These commodity crops are often not native to the region they are growing in, and therefore require synthetic fertilizer, pesticide, herbicide, etc. These products put a strain on the local ecosystem.
We had just gone inside because John Allen, our tenant, was cutting beans, and the dust was so thick we could not breathe. Or maybe it was the day we walked the perimeter of the yard and discovered that the herbicide had drifted onto our vegetable garden again. Or the day we were fishing in our pond and the bluegill got tangled in the nitrogen bloom and almost suffocated before we could get them off the hook.
Perry and her husband are acutely aware of all of these issues. Sitting out on their porch at night, they consider changing what they grow.
So we continued to amass reasons to quit: if we had the money, we could restore our hundred acres with native wildflowers and grasses that did not require any synthetic fertilizers, that would never be plowed up, and that would provide real sustenance.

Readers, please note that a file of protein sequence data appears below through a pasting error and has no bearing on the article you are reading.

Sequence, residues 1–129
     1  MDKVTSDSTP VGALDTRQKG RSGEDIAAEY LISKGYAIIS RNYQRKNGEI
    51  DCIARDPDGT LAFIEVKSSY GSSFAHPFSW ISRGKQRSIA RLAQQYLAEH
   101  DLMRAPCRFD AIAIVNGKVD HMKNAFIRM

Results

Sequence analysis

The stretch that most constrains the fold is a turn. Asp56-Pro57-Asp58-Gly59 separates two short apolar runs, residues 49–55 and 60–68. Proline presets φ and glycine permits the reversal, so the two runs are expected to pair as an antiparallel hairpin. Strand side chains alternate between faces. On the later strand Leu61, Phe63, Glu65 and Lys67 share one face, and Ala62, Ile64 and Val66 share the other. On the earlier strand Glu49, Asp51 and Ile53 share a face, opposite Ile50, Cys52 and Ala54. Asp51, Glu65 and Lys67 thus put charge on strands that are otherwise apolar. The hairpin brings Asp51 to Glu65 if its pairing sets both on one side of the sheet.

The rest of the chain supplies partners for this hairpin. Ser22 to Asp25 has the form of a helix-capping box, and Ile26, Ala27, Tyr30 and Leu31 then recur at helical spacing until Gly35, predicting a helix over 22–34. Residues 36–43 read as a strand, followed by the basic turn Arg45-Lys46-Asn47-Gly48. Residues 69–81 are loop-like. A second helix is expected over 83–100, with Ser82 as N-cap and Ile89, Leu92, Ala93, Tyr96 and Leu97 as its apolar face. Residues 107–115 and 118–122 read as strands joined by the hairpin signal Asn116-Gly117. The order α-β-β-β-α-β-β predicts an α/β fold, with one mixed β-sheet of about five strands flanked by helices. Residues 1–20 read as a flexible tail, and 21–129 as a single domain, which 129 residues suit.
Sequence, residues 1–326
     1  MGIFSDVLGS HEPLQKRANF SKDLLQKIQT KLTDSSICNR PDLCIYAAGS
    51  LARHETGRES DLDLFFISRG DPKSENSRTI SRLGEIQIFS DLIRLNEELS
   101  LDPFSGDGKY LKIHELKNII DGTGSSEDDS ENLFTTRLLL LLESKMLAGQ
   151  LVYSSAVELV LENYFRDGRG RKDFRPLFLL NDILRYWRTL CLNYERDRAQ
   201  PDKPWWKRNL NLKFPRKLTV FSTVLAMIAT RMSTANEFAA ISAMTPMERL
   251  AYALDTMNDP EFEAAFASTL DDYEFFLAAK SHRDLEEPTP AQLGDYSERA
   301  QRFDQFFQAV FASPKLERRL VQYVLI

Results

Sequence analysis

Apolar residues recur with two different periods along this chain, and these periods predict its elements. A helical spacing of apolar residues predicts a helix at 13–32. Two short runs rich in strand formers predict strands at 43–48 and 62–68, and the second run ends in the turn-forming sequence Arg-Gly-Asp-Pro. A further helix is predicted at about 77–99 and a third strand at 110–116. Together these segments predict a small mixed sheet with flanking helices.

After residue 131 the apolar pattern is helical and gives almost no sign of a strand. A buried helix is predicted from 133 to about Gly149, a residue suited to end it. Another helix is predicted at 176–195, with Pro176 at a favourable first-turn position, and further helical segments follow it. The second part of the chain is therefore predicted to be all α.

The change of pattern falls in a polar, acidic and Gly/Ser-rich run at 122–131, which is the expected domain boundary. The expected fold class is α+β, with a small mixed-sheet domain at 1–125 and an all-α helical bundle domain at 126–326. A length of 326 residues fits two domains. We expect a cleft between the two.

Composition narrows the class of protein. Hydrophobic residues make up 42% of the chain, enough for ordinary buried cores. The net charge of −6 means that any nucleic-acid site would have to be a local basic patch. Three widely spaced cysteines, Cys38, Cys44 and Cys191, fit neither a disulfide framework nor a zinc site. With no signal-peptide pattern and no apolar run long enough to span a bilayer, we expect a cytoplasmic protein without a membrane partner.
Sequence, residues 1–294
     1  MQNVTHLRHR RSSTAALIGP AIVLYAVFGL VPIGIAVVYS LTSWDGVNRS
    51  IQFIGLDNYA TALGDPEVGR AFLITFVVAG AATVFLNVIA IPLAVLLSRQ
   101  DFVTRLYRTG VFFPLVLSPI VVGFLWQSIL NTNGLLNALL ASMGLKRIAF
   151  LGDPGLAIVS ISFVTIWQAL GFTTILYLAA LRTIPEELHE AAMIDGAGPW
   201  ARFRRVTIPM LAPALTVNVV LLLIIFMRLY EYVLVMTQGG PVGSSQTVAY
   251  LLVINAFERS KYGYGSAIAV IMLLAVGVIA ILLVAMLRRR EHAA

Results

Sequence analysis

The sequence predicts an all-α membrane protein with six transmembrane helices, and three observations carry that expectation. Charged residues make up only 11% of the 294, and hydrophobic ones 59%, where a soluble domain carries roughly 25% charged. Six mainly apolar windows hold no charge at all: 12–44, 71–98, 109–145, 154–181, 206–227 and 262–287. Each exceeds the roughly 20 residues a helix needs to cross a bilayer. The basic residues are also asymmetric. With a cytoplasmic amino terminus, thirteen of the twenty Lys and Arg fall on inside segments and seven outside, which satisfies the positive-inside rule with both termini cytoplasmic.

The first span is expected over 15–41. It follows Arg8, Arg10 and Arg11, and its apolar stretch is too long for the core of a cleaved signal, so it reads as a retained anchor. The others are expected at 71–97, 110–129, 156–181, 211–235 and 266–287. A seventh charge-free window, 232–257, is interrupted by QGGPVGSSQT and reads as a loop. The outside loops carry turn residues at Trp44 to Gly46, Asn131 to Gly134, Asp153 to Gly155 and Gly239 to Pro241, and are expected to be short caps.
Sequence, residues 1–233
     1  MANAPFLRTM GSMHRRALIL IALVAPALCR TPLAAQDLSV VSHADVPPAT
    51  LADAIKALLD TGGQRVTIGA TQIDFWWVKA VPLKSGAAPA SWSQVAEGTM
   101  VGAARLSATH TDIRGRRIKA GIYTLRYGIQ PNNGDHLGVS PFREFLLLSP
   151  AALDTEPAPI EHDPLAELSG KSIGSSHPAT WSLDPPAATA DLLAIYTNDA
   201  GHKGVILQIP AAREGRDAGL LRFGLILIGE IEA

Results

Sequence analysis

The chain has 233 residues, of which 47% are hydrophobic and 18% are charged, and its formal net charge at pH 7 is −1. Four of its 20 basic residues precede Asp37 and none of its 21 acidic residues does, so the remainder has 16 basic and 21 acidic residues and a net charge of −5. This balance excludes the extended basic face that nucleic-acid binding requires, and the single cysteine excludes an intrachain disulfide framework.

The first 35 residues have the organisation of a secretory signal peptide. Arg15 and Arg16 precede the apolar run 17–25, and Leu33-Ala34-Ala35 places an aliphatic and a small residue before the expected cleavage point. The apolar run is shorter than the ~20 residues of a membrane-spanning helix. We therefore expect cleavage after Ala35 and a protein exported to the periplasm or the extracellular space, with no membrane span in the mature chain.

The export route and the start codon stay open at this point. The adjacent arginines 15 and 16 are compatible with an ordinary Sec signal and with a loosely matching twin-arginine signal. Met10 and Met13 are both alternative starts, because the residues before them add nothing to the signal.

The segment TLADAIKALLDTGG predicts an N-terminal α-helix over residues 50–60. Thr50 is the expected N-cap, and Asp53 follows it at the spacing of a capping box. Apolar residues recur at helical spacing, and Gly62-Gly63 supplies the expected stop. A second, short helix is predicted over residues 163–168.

There may seem to be a simple answer to those of us who don’t know the last thing about farming (myself included): plant something else. Perry makes it abundantly clear that it’s not so simple.
They calculate that it would cost $40,000 per acre to plant wildflowers native to the region. They have a 100 acre farm. That would mean if they were to want to switch their farm to only grow native wildflowers, it would cost them $4 million just to get up and running, not to mention yearly maintenance costs.
Obviously, planting 100 acres of native wildflowers would be insane, but the principle stands for one acre: planting new crops – especially those that are not simple commodities – requires upfront cash that many farms do not have. Many farms would need to take a loan from the bank for a product they are not sure would sell. That is a frightening venture.
Perry and her husband decide to go for it anyways. It takes them a year before their field is ready to plant – having first to grow sunflowers to fight the weeds. It takes another year for the wildflowers to fight their own way through the weeds. This means that they invested all this money upfront and had to wait, nervously, for a couple years before getting results. Perry describes her husband, Keith, sleeping during this troubling time.
On some nights, he thrashed around in bed, yelling something I couldn’t quite make out. That he was too old to take on such a big project, I imagined, a message delivered by masked men wearing John Deere caps and thumping him in the chest with sacks of Monsanto-laced corn.